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IBM i: dynamic subfiles

You’ve read our previous article on static subfiles. Let’s take a look at the “Dynamic” version.

Today’s web services rely on the Hypertext Transfer Protocol (HTPP) to convey information. Using this standard has the enormous advantage of avoiding a huge number of connectivity problems between our two applications.

Web services are based on client/server exchanges. In practice, the application providing the service (often referred to as “exposing” the service) remains attentive to any solicitations triggered by customers. The request is interpreted by the server, processed, then the response is transmitted to the client application in a form it can understand.


There are 2 main families of web services:

  • SOAP web services: Simple Object Access Protocol
  • REST web services: Representational State Transfer


The first are based on the protocol of the same name. This has been around for a long time: the initial version defined by Microsoft and iBM dates back 23 years, then became a standard following a W3C recommendation. The protocol relies entirely on XML to formally describe exchanges between clients and the server. This formalism (via XML documents called WSDL) has the advantage of providing implicit documentation when using this type of service. Unfortunately, the family suffers from a few drawbacks: the XML language is particularly verbose, and using this type of web service can quickly become complicated. On the other hand, the formalism implies that the client and server are strongly coupled, which, in an SOA approach where flexibility is always a priority, is not necessarily desirable.


These drawbacks led to the emergence of the REST family of web services. These are based on the architectural concepts used in the Web to manipulate remote resources in text form. Unlike SOAP web services, the REST family of web services doesn’t just use XML to exchange information between two client/server applications: formats such as JSON are also commonly used today. To manipulate remote resources, these web services use http methods : POST, GET, PUT, DELETE, … that echo the CRUD development model, which explains why these web services are frequently used to build complete APIs (Application Programming Interface) to interact with application components.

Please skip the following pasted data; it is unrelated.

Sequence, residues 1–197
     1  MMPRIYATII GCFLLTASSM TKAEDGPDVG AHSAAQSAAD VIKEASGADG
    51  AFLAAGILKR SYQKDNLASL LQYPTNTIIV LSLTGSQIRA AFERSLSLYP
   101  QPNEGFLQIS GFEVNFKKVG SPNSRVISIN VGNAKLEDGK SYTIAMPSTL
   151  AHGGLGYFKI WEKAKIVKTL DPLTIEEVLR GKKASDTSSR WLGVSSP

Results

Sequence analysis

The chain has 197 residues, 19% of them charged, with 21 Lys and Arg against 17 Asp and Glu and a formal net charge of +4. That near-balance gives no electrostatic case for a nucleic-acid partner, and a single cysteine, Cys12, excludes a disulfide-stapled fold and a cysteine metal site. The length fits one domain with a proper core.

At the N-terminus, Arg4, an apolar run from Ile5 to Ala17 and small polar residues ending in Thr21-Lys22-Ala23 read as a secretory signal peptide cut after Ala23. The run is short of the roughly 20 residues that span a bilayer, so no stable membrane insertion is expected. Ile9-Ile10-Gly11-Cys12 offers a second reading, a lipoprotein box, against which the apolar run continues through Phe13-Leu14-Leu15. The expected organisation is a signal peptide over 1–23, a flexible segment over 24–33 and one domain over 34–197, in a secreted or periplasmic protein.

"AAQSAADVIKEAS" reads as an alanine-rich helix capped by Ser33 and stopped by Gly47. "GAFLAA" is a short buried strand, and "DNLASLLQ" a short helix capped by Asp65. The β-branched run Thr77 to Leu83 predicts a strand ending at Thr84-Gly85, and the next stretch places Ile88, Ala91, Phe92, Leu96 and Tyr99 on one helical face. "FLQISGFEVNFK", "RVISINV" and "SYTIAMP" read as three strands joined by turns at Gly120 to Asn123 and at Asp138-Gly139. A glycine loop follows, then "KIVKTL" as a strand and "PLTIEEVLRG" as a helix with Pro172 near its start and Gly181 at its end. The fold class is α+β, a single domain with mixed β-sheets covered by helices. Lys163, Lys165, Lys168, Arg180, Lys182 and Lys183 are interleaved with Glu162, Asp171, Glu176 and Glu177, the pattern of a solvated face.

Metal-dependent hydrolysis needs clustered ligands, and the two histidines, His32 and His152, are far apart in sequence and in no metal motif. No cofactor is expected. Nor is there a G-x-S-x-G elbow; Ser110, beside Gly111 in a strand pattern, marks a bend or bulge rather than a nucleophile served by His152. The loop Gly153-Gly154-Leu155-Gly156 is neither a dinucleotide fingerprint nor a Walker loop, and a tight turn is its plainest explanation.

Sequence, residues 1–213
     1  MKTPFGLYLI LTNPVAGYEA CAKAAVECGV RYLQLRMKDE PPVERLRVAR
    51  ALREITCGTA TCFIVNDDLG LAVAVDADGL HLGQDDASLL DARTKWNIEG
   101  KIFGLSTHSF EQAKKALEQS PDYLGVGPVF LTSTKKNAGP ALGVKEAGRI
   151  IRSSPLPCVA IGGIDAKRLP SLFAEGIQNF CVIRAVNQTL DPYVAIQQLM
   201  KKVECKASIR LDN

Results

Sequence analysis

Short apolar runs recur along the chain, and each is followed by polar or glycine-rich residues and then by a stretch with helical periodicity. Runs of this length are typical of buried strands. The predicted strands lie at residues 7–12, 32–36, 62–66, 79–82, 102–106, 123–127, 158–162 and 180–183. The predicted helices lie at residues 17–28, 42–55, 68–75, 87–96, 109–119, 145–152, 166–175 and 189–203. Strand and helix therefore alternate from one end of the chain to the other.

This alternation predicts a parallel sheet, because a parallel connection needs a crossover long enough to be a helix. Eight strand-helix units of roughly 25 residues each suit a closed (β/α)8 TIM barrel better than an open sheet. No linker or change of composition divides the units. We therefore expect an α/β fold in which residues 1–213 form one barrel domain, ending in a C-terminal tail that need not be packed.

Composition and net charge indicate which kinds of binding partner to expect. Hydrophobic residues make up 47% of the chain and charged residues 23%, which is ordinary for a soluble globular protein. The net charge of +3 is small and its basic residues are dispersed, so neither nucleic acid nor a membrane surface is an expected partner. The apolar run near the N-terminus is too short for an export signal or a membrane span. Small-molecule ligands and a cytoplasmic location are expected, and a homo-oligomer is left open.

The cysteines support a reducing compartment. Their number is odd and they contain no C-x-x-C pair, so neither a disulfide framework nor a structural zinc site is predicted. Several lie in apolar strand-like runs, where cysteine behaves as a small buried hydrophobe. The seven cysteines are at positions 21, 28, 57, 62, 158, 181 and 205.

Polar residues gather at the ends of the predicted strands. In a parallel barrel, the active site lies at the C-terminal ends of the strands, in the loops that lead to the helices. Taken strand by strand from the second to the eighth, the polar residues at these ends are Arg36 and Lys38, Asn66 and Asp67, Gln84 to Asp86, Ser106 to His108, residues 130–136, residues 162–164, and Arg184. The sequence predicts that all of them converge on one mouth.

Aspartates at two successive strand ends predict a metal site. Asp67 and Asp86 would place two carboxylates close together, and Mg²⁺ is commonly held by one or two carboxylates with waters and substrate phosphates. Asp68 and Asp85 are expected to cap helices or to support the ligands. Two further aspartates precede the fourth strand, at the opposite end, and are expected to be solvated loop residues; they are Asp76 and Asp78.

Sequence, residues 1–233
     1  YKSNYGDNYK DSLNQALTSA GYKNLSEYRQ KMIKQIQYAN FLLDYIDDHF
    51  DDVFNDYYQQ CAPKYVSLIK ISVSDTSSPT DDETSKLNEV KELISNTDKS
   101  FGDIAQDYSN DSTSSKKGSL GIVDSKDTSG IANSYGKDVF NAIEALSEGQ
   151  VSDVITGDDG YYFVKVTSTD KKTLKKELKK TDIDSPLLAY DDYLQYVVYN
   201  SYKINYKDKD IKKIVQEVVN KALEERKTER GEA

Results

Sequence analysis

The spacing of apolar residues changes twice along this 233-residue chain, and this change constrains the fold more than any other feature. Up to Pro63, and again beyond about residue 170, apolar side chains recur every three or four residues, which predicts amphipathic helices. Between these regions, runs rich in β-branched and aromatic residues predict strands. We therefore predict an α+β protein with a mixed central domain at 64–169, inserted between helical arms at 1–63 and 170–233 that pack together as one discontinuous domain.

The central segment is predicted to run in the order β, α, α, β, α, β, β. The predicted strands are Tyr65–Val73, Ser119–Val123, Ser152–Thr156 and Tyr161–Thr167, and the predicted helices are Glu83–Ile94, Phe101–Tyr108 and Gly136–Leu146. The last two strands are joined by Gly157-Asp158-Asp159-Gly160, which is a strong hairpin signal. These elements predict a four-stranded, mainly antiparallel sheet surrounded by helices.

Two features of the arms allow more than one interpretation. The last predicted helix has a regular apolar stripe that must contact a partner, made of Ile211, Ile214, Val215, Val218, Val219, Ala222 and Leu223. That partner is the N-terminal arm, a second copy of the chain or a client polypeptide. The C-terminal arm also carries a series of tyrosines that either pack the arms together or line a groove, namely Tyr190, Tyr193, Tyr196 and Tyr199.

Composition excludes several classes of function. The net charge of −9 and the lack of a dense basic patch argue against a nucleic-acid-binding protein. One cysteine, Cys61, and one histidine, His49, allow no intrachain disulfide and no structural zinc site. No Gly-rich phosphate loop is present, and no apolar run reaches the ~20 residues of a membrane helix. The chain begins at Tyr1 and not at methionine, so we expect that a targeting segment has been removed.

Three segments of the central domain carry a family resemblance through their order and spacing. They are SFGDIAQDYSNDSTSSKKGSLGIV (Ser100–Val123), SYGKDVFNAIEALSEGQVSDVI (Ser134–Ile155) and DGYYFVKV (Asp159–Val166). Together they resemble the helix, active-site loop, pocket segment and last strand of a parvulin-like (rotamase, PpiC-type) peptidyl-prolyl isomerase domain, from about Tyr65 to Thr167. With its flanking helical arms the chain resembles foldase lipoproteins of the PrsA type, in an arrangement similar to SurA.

But what about our IBM i? Can it too fit into these distributed environments?


Let me reassure you right away: our favorite platform offers a wealth of tools for exposing and consuming web services. Like many other platforms, we can implement these services in a variety of ways and make them available to our various customers.


To illustrate our point, let’s consider an existing application developed in RPGIV.


To do this, let’s start by creating an environment with a few tables and data. Fortunately for us, IBM has provided us with a one-line SQL stored procedure for this purpose:



So let’s open our SQL script execution tool in ACS and get started.


As you may have guessed from the name of the collection we’ve created, we’ll be working with human resources data.


A quick tour of the database explorer shows us the tables created.


Let’s take a look at the EMPLOYEE table and write a small program to retrieve information about an employee.


Let’s imagine we have a service program that extracts information about an employee.

      /if not defined(IMPORT_PROTOTYPES)         ctl-opt option ( *nodebugio : *srcstmt )           debug           nomain           pgminfo(*PCML : *MODULE);       * Parametres SQL.         exec sql           set option commit = *none,                      closqlcsr = *endmod;